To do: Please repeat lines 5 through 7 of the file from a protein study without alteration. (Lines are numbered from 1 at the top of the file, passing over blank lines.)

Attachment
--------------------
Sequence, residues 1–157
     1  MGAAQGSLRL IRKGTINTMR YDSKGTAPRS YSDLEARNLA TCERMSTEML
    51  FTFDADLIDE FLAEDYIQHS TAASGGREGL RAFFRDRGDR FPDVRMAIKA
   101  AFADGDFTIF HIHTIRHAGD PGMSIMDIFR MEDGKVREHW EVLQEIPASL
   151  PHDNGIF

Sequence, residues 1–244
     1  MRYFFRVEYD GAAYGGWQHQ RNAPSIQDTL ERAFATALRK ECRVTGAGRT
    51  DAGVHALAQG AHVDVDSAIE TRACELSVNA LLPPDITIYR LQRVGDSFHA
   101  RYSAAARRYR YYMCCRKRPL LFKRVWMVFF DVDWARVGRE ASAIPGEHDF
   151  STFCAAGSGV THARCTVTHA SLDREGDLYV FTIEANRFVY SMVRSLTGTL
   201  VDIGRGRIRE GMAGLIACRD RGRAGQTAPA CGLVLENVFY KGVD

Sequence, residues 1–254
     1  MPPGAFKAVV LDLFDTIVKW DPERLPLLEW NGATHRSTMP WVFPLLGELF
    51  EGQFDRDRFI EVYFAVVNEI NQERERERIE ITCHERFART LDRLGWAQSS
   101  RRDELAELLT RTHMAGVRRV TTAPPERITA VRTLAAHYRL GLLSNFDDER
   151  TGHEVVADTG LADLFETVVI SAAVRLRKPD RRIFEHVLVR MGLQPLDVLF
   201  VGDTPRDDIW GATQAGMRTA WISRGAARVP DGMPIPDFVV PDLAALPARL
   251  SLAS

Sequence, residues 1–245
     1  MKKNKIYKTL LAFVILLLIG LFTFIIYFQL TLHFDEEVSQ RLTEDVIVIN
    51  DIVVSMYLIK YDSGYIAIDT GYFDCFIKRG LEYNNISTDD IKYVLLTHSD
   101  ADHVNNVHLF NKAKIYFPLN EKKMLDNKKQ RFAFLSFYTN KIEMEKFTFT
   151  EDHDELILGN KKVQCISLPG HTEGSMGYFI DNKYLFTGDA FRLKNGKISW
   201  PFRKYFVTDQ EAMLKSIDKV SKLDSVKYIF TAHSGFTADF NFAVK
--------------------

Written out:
   151  PHDNGIF

Sequence, residues 1–244
     1  MRYFFRVEYD GAAYGGWQHQ RNAPSIQDTL ERAFATALRK ECRVTGAGRT